Ultimately the New Jersey Devils were done in by a slow, somewhat unlucky start. And a key penalty call at the end.
Losing two 2-1 overtime games at home to open the Stanley Cup final proved to be too big an obstacle to recover from. A 4-0 defeat in Los Angeles in Game 3 then pushed the Devils to the edge of the playoff precipice.
Coach Peter DeBoer's team gave it a yeoman effort, winning Games 4 and 5 -- 3-1 in Los Angeles and 2-1 in Newark -- before crashing 6-1 Monday night in Game 6 at the Staples Center.
The Devils became the first team since 1945 -- and only the third ever -- to come back from an 0-3 deficit in the final and force Game 6.
"I think the hockey world pretty much wrote us off," DeBoer said before Game 6, "and I think we feel we've played with no pressure because of that."
But they could not match the 1942 Maple Leafs, the only team to come back from an 0-3 start and win the final (over Detroit).
After Game 5, DeBoer was asked if he thought bad bounces even out over a series.
"I think that's pretty fair," he replied.
The Kings scored three times on the ensuing power play.
"You know what, tonight is about L.A. and letting them celebrate," DeBoer said of the call after the game. "If you want to ask me about that in about a week, I'll give you my honest opinion on it."
He said he felt for Bernier.
"You know, it's a bad spot for him to be in. Everybody knows Bernie's heart's in the right place. He's not at fault."
Things went from bad to worse in the second period when Devils defenceman Anton Volchenkov got tangled with linesman Pierre Racicot seconds before the Kings made it 4-0.
New Jersey will be due a few breaks when it next plays the Kings.
Still the Devils showed remarkable resilience in the face of imminent Cup defeat. They were 4-0 in playoff elimination games prior to Monday.
"It's a difficult thing to get yourself ready for games like that," 40-year-old goalie Martin Brodeur said after Game 5. "Now it's been two in a row (in the final). It drains you a lot. It takes a lot out of you. But it's worth it."
Throughout the playoffs, the resilient Devils got better as the series progressed. New Jersey was 10-2 in Games 4 through 7 through the playoffs.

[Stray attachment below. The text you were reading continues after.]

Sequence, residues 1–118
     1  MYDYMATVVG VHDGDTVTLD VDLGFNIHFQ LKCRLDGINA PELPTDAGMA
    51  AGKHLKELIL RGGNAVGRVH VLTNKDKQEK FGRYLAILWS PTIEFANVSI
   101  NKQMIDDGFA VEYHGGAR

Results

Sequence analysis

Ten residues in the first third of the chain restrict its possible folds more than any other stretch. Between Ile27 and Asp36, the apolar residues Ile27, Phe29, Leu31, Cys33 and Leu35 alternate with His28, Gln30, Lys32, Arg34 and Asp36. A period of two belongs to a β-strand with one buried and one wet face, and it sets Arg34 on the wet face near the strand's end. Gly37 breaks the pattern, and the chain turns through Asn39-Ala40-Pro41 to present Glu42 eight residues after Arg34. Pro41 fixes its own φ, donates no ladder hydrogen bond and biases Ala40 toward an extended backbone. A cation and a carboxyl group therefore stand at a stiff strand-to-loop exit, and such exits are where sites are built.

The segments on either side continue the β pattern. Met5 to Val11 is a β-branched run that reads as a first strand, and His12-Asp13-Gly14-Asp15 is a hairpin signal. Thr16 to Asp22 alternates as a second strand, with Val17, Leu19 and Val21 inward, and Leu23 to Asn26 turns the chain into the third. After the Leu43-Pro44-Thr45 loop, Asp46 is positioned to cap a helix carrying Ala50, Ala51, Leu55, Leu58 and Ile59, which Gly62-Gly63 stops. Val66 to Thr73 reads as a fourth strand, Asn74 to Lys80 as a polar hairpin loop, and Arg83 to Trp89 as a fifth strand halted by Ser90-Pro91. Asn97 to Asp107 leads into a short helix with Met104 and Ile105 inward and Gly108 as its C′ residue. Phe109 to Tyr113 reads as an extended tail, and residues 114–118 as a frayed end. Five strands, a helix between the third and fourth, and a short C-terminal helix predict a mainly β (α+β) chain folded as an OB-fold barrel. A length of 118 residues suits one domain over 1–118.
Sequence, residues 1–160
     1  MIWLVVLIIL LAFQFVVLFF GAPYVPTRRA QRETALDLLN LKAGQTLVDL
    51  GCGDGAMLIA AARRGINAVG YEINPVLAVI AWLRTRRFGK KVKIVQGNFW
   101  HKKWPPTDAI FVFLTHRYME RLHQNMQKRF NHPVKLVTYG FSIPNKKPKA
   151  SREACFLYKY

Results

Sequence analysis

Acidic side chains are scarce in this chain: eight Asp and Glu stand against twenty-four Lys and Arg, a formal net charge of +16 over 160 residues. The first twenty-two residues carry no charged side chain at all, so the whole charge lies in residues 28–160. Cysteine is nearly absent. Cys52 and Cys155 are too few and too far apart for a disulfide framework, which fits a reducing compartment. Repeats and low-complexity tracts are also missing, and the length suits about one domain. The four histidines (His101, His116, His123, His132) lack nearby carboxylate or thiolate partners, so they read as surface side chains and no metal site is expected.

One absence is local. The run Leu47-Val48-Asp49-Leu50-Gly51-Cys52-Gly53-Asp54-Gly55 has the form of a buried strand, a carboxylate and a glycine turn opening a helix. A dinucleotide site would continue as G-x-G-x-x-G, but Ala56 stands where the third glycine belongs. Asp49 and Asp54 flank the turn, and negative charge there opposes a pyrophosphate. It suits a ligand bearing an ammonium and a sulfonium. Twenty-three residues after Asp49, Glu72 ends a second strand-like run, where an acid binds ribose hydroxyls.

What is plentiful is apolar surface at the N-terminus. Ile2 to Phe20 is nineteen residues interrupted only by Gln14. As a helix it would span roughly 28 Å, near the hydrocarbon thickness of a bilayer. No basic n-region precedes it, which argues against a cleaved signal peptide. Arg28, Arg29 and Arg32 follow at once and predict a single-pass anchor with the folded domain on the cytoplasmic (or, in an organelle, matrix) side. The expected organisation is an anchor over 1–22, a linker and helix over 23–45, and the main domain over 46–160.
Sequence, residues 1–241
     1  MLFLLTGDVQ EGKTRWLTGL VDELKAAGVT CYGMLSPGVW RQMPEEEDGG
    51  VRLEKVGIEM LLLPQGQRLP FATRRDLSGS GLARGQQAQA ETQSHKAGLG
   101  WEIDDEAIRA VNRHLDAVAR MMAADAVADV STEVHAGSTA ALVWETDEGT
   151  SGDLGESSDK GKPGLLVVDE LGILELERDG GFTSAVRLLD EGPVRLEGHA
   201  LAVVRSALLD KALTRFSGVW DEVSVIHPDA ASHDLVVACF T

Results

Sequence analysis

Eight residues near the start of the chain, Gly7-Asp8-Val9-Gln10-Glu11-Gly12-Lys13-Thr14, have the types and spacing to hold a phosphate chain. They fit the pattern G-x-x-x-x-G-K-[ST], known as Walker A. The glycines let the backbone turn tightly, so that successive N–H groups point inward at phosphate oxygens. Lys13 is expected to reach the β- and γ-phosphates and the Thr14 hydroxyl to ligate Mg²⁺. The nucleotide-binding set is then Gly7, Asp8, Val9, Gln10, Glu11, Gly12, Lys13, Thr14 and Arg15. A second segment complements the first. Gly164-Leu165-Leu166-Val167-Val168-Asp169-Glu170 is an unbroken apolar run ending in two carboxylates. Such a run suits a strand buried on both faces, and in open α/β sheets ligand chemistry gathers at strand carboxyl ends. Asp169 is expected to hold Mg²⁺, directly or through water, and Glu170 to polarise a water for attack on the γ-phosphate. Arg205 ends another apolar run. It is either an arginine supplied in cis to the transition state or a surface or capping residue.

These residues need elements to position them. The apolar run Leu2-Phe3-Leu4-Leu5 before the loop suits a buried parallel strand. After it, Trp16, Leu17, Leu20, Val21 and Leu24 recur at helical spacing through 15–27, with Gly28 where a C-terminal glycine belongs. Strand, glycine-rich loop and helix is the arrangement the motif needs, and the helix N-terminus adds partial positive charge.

But in a series where little things turned into big ones, they dug themselves too deep a hole after coming out at the wrong end of the opening overtime games.
Even then, DeBoer believed. And his players proved him right with their comeback in Games 4 and 5 with Brodeur leading the way.
"I've been singing the same tune since Game 1," DeBoer said after Game 5. "I said even when we were down 3-0 (in the series) that I didn't feel that the series was that lopsided.
"Our best players were our best players tonight. Brodeur and Parise and Kovalchuk. That's the key this time of year."
The fact that not all of the big guns were firing at the same time was part of the Devils' problems. Captain Zach Parise and Ilya Kovalchuk were up and down with speculation that injuries, particularly to Kovalchuk, were taking a toll.
An 0-for-15 power play finally came to life in Game 5, but it took a Jonathan Quick handling error to end the drought.
The Devils beat Quick just seven times in six games (there was also an empty-net goal). Two of those goals bounced in off Kings defenceman Slava Voynov, another was a deflection and then there was the handling gaffe that gifted Parise a goal.
New Jersey had more success as the series wore on, using its speed and passing to force the L.A. goalie to move side to side, opening up angles at net. They also looked to get physical around Quick.
Brodeur's influence, meanwhile, increased as the series wore on, helping partially negate the Quick factor at the other end.
Brodeur's composure on and off the ice helped keep the Devils together when other teams might have folded.
"He's played very well the last two nights," Kings coach Darryl Sutter said of Brodeur after Game 5. "We hit a couple (of posts).
"We're probably saying what they said Games 1 and 2 where we got breaks and now they did. That's how even it is."
While New Jersey downplayed the cross-country commute, saying the Kings were doing it too, the final marked the first time the Devils had played out of their time zone since mid-January.
Los Angeles also had a week to prepare for the final, compared to four days for New Jersey.
New Jersey, seeded sixth in the East, finished ninth in the league at 48-28-6.
After surviving Game 7 in overtime against third-seeded Florida, the Devils took out the No. 5 Flyers in five games and then the top-ranked Rangers in six.
Playoff pluses include 22-year-old rookie forward Adam Henrique, whose overtime heroics and composure belied his inexperience.
Three of Henrique's five playoffs goals were game winners and two of them were series-clinchers -- against the Panthers and Rangers.
Tallinder's seamless return to the blue-line after an absence of 58 games and nearly five months due to a blood clot in the leg was remarkable.
And another veteran defenceman, Bryce Salvador, showed an unlikely playoff scoring touch with four goals -- including the winner in Game 5 -- and 10 assists. The 36-year-old Salvador had no goals and nine assists in 82 regular-season games.
The Devils were chasing their fourth Cup after wins in 1995, 2000 and 2003. They lost in seven games to Colorado in 2001.
A first-rate organization from top to bottom, the Devils won points for their classy approach during the final despite the lopsided, chippy finale. DeBoer typified that, showing the same kind of character his team did during difficult times.
Still, New Jersey faces a challenging off-season on and off the ice. The search for investment to help pay for the team's debt continues while Parise is a free agent this summer.
The out-of-contract Brodeur says he will be back next season.